A Stranger in a Strange Land

We are constantly being implored not to forget that we are “strangers in a strange land”, and most of the time it’s like, how could we possibly forget?? Haha, so here are some fun, funny, and just downright funky things I’ve seen/heard/learned in Guyana—

  • “Just now” is a term used all the time here. It literally can mean 5 minutes, three hours, two weeks, a year from now; and in some cases, never.
  • Apparently, I have dolly hair and eyes that are cyat (cat) colored. Who knew?
  • People really can live in harmony with nature in their very own homes. In my first host family’s house, it was a virtual menagerie: the bat in the rafters, the lizard in the shower (who I always felt was looking at me somewhat judgingly, to be honest), crickets, frogs, the occasional cockroach, and my worst enemy: the army of eleven billion mosquitoes that choose to bite no one else in the family but me.
  • Anyone from my generation will recall the classic movie “The Princess Bride” and the R.O.U.S.’s. Well, people eat those here. And by people, I mean me J
  • Guyanese people are, in general, incredibly resourceful. Things that we would hire a handy man, plumber, or mechanic for they fix themselves. This also translates into utilizing EVERY part of animals. Chicken feet? Yum. Cow Face? Delectable. Chicken neck? Mmmhmm. Big white grub worms? Why not?
  • Find a bike without handlebars? Have a spare car steering wheel lying around? Combine the two and you have a fully functioning, and not to mention, awesome bike to ride around Linden. I actually saw this wondrous spectacle my third day at site and I think my host family was borderline concerned at the joy I got out of it. I obviously immediately enquired into how I would go about getting a steering wheel installed on my bike instead of lame ole, run-of-the-mill handlebars.
  • I am still trying to figure out how Guyanese people like their music and TV turned up to a trillion decibels, yet can mumble/whisper something from across the house and understand each other. It just doesn’t add up.
  • Just google or youtube “Guyanese wining”. Enough said.
  • In all seriousness, these are some of the more comical observations I’ve made over the past couple of months, and truth be told, I love this country!! It is so unique and diverse, and just downright hospitable. The people are open, welcoming, and boisterous and that’s just a recipe for a good time. Can’t wait to continue to learn more about my new home over the next 24 months.

Miss you all and hope everyone is doing well! I know I have been bad about updating the blog, and I promise to try and do better, but remember this is a two-way street—I want to stay on top of what is going on in your lives too, so email, skype, facebook, snail mail, or smoke signal any and all updates. Love y’all!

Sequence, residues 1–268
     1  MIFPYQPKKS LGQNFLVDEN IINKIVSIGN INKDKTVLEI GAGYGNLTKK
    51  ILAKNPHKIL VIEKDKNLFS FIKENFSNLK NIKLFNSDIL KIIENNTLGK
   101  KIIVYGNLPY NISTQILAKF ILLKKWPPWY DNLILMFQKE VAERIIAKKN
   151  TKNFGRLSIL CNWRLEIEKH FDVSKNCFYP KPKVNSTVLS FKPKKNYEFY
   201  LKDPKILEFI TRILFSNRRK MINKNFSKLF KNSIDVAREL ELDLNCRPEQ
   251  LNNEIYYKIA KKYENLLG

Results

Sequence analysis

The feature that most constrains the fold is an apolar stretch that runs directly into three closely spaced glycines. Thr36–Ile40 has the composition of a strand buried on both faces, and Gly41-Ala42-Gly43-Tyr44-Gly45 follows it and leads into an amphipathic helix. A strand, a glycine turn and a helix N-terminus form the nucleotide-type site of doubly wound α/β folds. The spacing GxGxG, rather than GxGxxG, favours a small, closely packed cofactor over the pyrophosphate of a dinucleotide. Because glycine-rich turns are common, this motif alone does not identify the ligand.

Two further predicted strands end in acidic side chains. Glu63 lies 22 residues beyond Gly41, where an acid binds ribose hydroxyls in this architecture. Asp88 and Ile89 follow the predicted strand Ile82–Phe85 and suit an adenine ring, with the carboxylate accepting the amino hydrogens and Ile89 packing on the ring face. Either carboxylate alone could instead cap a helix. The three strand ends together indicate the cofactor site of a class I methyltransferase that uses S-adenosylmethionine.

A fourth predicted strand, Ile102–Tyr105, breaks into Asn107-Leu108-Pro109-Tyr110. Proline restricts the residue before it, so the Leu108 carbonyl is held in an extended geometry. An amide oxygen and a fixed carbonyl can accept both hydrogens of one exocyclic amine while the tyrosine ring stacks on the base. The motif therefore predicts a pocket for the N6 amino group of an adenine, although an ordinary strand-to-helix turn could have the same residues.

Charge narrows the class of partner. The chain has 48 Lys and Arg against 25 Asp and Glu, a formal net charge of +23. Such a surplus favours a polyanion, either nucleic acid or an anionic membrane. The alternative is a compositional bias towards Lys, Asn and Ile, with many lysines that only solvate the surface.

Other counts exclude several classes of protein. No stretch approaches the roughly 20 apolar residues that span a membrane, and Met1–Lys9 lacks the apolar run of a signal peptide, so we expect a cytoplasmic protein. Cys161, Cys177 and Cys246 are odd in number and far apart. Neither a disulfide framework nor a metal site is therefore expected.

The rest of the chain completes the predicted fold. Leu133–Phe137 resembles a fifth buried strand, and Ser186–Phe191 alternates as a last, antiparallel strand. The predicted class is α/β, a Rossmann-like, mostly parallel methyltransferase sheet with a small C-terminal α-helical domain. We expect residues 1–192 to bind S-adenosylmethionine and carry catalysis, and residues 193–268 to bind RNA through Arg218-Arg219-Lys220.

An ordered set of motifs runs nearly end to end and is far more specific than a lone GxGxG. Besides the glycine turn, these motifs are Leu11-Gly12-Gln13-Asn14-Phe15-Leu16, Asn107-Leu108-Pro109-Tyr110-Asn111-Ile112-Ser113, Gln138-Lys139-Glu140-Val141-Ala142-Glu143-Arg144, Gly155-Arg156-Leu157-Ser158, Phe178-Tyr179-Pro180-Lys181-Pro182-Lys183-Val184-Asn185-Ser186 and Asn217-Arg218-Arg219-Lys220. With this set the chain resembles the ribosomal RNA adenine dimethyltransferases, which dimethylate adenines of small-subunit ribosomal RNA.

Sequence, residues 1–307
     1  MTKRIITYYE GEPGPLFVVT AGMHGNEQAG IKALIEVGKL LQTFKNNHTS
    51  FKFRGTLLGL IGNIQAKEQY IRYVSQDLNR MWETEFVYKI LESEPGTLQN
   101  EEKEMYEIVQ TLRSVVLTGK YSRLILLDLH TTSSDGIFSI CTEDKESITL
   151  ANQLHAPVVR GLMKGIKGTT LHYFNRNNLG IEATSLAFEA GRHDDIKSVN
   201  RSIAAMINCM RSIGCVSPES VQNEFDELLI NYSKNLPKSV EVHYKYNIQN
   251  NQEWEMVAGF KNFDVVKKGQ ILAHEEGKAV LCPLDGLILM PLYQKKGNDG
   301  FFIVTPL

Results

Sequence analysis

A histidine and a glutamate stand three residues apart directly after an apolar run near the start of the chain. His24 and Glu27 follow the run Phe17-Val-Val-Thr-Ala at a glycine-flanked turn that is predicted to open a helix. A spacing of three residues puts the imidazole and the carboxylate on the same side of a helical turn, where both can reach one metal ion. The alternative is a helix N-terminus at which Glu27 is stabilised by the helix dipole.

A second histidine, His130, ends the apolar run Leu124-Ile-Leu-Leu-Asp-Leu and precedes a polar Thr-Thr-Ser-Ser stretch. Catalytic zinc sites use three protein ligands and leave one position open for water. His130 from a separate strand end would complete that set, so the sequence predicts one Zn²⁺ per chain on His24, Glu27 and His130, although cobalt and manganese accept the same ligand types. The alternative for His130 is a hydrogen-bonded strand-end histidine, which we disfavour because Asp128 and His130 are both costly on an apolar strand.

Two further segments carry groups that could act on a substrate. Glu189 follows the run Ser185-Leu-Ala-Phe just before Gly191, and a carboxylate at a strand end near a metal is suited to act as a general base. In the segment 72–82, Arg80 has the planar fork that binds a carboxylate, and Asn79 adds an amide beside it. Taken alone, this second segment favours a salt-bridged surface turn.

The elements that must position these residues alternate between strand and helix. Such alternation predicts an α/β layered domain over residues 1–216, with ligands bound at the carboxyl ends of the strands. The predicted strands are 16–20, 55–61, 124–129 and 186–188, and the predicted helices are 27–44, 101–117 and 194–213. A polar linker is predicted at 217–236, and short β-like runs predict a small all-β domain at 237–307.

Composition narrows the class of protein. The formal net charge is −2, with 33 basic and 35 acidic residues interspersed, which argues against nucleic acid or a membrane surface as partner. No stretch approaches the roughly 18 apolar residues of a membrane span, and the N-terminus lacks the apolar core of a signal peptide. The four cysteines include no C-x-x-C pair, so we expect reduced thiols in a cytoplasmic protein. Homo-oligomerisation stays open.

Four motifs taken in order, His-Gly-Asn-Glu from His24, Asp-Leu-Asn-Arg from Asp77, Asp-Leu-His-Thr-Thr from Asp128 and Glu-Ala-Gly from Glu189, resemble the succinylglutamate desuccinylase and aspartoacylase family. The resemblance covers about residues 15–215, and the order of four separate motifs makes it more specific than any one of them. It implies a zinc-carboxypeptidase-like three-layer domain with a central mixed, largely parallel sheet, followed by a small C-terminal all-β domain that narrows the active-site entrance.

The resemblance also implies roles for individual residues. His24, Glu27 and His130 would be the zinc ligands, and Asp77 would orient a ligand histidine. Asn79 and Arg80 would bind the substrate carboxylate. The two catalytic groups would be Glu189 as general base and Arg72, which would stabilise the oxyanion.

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4 thoughts on “A Stranger in a Strange Land

  1. Great update Jade – always look forward to your blogs. Stranger in a Strange Land is one of my all-time favorite books. Heinlein was a truly gifted author. Interesting that his wife kinda, sorta gave him the idea for the book. I recall some of the Catholic and Mormon ritual undertones in the book. Unlike Valentine, please don’t join a Fosterite or similar church – they had entirely too much fun :>) When I was in Central and South America, I too was plagued with the bazillion mosquitos who craved my blood – once I thought I would need a transfusion :>(. Recently they started swarming and attacking us here. Remembered the Navy corpsman telling me to take B vitamins. I bought a bottle of B50’s. Not only have the skeeters quit biting, but the chiggers have seemed to have vanished as well, Like you I found the SA cuisine (?) interesting and, for the most part, muy delicioso. I just learned not to ask what I was eating :>) . Please email us your new snail mail address. Vaya con Dios Jade. George

  2. Wow! What an awesome adventure! I am so glad Sunny and Sharon turned me on to your blog. I will be looking forward to following to journey. Have fun and stay safe. Kristie

  3. My favorite places are the wild 3rd world countries, and Guyana is more off the beaten path than anywhere I’ve been. I love how you can just walk down the street in those places and be amazed at stuff with childlike wonder, sort of like the bike with a steering wheel.

    • Haha yeah, Guyana is definitely one of those places that is completely unique! Every day I see or hear something new that confuses or delights me, sometimes both (as in the case of that amazing bike). It’s pretty great, you and LadyBell should definitely come visit 🙂

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